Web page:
Research icebreaker Polarstern left its home port in Bremerhaven on Tuesday setting a course for the Arctic. Led by Dr Ilka Peeken from the Alfred Wegener Institute, Helmholtz Centre for Polar and Marine Research (AWI) a team of 53 researchers from 11 countries will investigate the effects of climate change in the Arctic, from the surface ice floes down to the seafloor
RV Polarstern will enter the sea-ice zone north of Spitsbergen. Covering two shallow regions on their way to deeper waters, the scientists on board will focus on the processes at work in the ice-covered central Arctic Ocean. Their findings will then be used to supplement the research efforts of late-summer expeditions from the past several years. The researchers will for the first time employ several instruments that constantly measure the seawater’s temperature, salinity, gas composition and algae content.
“We want to determine which animals and plants in the Arctic Ocean are active during the early summer. This is especially exciting this year, since it marks the first time in the past 30 years that the sea ice has begun melting so early,” explains AWI biologist Ilka Peeken.
Over the past few years, the AWI researchers have narrowed their focus on life under the sea ice and at the marginal zone between ice and open water. Global warming is especially making its presence felt in the Arctic, as reflected in the record low figures on the sea-ice extent. At the same time, the ice is growing thinner and thinner, affecting the underwater light conditions. When more sunlight penetrates the ice, it means that algae, which make up the very beginning of the food web, have more energy for growth – just like their “cousin” plants on land, algae in the ocean need nutrients to grow.
“Our goal is to explore how the earlier melting of sea ice in the Arctic influences the distribution of nutrients and algae growth, and in turn what the impacts are for animals living in the water or on the ocean floor,” says Peeken. The scientists hope their efforts will improve awareness and understanding of climate change’s effects in the Arctic Ocean.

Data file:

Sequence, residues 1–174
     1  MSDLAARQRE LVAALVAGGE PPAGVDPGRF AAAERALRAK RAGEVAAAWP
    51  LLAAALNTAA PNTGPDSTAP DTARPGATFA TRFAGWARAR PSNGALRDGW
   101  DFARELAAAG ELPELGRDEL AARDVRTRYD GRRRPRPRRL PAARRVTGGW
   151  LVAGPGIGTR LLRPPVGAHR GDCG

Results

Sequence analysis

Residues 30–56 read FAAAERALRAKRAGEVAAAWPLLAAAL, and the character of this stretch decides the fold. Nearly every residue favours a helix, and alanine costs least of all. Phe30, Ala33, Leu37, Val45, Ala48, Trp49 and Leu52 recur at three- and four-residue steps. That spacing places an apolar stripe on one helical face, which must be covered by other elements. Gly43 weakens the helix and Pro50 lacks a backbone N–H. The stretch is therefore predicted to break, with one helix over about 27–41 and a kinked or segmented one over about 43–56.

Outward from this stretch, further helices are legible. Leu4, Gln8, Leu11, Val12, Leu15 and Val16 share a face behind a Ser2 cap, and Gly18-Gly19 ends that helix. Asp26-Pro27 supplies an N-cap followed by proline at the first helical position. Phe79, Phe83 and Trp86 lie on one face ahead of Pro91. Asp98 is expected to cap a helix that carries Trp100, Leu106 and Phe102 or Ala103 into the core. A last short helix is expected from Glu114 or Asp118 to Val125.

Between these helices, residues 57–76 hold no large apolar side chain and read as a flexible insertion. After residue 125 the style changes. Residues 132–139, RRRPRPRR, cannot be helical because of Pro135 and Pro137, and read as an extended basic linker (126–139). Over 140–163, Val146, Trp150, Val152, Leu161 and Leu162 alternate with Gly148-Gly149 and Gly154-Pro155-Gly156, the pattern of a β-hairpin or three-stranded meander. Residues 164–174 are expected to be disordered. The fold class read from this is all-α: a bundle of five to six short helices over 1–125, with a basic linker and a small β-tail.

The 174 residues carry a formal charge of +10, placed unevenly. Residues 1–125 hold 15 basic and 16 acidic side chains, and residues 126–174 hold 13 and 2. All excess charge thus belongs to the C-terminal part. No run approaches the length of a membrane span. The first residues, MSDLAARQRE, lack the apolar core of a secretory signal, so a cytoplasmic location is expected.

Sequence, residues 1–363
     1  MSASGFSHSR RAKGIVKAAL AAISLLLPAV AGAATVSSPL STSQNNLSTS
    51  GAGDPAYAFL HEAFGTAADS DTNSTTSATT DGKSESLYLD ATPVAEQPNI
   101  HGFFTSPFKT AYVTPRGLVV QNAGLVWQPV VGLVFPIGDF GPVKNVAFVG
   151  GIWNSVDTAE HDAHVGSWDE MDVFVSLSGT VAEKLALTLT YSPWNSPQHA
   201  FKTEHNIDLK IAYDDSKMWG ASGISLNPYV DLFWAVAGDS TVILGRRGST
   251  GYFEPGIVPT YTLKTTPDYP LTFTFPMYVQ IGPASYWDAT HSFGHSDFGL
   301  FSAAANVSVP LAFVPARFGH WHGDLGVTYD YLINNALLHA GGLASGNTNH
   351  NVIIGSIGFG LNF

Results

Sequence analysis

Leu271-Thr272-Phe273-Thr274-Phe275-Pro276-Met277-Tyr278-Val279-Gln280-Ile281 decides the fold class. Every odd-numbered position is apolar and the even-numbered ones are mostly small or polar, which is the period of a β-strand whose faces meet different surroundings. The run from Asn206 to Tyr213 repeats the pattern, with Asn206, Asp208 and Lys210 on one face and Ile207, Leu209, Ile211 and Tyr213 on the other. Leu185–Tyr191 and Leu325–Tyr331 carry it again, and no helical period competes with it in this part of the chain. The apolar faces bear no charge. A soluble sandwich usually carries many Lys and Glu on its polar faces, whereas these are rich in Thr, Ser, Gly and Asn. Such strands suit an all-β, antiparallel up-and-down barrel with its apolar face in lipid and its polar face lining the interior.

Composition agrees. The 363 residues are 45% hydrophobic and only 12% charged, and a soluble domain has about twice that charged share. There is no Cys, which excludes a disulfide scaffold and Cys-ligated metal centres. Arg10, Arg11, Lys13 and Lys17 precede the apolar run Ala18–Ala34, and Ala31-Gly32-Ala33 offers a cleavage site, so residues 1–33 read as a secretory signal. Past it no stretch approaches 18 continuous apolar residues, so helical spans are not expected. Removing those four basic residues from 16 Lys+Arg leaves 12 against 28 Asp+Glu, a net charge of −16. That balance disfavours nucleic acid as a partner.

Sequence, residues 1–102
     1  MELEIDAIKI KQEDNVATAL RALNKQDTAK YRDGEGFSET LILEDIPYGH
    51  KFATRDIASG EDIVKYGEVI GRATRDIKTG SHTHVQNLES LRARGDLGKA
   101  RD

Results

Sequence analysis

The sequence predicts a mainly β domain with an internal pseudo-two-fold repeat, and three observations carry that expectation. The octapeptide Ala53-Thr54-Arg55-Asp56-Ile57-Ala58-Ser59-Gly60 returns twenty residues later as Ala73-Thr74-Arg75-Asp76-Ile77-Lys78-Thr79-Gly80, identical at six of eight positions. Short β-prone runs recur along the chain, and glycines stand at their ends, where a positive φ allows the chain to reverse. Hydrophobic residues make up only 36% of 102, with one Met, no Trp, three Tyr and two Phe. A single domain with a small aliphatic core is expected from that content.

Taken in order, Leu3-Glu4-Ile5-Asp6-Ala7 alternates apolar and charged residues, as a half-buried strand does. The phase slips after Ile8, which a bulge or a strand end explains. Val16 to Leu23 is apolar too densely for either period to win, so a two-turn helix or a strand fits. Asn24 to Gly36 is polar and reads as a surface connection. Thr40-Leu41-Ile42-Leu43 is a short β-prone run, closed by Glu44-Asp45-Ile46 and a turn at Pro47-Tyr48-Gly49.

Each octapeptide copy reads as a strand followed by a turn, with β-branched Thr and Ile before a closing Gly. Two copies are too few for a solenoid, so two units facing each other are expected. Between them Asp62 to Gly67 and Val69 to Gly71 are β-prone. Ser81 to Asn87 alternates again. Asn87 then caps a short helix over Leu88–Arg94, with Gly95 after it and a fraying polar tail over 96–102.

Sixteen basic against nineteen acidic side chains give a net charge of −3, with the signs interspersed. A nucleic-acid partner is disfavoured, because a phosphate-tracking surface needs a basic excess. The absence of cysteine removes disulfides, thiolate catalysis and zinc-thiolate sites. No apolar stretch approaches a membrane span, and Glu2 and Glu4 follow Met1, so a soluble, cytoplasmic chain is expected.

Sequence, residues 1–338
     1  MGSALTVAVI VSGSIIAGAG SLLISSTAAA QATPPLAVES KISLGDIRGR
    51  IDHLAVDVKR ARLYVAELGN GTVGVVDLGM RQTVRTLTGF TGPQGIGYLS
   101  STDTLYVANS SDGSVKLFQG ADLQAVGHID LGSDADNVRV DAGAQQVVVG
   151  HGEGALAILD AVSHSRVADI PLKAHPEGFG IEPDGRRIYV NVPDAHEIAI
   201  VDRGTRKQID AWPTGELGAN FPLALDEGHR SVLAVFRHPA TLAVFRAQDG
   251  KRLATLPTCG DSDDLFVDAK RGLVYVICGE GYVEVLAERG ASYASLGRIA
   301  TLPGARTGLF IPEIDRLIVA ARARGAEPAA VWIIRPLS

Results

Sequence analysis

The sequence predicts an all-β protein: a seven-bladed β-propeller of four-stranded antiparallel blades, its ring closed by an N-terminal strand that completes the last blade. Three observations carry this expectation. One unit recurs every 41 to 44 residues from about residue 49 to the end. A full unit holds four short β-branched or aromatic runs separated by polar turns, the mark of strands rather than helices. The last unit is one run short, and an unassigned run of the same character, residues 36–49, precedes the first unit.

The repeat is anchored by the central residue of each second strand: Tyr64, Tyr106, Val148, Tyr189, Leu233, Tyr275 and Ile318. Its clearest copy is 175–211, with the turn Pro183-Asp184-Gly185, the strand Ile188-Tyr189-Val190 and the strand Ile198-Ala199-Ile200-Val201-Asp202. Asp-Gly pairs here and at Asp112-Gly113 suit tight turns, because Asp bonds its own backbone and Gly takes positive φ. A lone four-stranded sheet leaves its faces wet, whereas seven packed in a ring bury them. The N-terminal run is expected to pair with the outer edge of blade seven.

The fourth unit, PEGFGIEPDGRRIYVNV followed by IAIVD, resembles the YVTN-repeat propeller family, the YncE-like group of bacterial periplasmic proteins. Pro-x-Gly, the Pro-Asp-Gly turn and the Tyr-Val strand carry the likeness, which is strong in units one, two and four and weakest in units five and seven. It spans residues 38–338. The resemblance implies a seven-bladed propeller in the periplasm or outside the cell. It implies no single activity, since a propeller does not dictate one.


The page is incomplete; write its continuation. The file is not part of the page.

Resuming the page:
The Polarstern expedition, dubbed TRANSSIZ (Transitions in the Arctic Seasonal Sea Ice Zone), was initiated by the ART (Arctic in Rapid Transition) network – an international research team whose work combines various disciplines in the natural sciences to assess the consequences of climate change in the Arctic.
The vessel is scheduled to call at the port of Longyearbyen, Spitsbergen on 28 June before embarking on the next expedition, which will take the icebreaker to the Greenland Sea.
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Global warming is especially making its presence felt in the Arctic, as reflected in the record low figures on the sea-ice extent.May 21st, 2015 - 08:26 am 0
As the satellite record only goes back to 1979 and physical recorded evidence shows much lower ice extent in the 1920's, the above claim cannot be substantiated. There is increasing evidence of a stasis in ice reduction in the Arctic and an increase of ice in Antarctica. This is in line with the stasis in global temperature, as measured by satellites.
However, When more sunlight penetrates the ice, it means that algae, which make up the very beginning of the food web, have more energy for growth – just like their “cousin” plants on land, algae in the ocean need nutrients to grow.
So this is a good thing, because other organisms higher up the food chain have more to eat.